In the coronavirus era, I go most days to our neighborhood McDonald’s, where I purchase a cup of coffee and take it outside to a patio area where I sit and eat peanut butter crackers which I carry with me.
Today as I stood in a short line inside the facility, with persons standing the approved distance from one another, of course, an older man came up behind me and tapped me on the shoulder and asked how much a cup of coffee is. I tell him, “About a dollar.” He doesn’t move away but continues talking to me, saying he doesn’t have enough for a cup of coffee, and I tell him I will pay for a cup for him.
I then realize he is a street person, carrying a plastic sack with likely all his possessions. He tells me he has instant coffee in the bag and intended to ask for hot water before I offered to pay for a cup. He wants to chat, that’s clear, and I notice the people near me (but six feet away) and they are eyeing me, clearly uncomfortable, as is the woman behind the counter, the MacDonald’s employee. To complicate matters, the man is kind of a close talker. Nobody says anything, but one young woman in line abruptly leaves. I make her that uncomfortable, I figure.
I decide this man is not the brightest person I’ve met this week. He may not even know anything about social distancing or sheltering in place — he may not even have a place to shelter. I can’t bring myself to shove him away, six feet of course, so we chat as we wait for our coffee, much to the disapproval and stern looks of the other patrons of MacDonald’s.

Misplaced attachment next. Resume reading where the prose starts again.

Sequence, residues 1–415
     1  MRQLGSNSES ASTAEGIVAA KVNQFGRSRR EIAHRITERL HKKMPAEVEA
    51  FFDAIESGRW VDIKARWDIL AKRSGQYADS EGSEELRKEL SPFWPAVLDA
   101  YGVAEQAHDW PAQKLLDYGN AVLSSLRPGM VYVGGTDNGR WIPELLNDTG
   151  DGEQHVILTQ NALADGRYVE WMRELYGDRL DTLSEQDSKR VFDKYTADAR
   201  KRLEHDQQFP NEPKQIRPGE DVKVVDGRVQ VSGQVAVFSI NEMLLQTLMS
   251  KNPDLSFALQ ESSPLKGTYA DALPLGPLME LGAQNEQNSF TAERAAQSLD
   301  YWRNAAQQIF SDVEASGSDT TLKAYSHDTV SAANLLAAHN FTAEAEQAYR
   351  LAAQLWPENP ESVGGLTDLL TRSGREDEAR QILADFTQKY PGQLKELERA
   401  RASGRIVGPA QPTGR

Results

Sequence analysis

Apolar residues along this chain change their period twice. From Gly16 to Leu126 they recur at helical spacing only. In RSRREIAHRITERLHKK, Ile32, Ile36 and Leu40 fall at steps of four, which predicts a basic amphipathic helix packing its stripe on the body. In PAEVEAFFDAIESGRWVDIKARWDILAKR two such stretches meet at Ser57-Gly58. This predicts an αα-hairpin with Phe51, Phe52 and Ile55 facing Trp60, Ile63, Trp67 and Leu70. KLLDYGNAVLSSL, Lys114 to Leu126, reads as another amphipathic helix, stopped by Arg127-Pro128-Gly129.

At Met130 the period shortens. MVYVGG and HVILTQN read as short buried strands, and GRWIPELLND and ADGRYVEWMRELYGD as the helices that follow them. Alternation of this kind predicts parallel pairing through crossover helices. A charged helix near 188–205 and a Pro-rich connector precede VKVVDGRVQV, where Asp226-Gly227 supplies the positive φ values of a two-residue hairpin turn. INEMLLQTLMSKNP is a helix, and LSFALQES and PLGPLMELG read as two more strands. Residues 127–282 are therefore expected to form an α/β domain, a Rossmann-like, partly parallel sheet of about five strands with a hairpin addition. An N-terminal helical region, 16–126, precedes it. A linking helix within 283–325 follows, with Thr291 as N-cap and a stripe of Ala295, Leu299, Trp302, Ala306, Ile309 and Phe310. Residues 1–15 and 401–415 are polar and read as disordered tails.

My neighborhood is on the affluent (not rich) side, and it tends to attract panhandlers because their reception is ordinarily better here, move positive, than other parts of the city. Of course, these are not ordinary times.
This experience reminds me of what I have been thinking about a lot lately, and that is the many poorer neighborhoods I have frequented over the years as a social worker. Ideas such as sheltering at home or social distancing are not easily practiced there, if practiced at all. The concepts may not even be fully understood.
When you see a two-room apartment, as I often have, with a dozen people living there, sheltering in place or quarantining becomes, well, difficult. As for social distancing, I suspect that it is not widely observed anywhere I’ve gone.
TV cameras show us a deserted Times Square, but not the central part of Watts or Harlem or Roxbury (in Boston). Activities there might be quite different from what is expected, almost have to be, given the needs of the population, mostly very poor people.
So the curve is flattening, we are being told now. I have to wonder if it has much to do with the practices of being observed so dutifully in the neighborhoods, or is something else happening to cause the decrease in numbers of deaths or those afflicted with coronavirus.
As for my new-found friend at McDonald’s, he got his coffee and left, wandered off, going who knows where. No place awfully special, you can almost make book on that. Truth is, though, I have no place very special to go either.
Raymond Abbott is a social worker and novelist.
Image credit: Shutterstock.com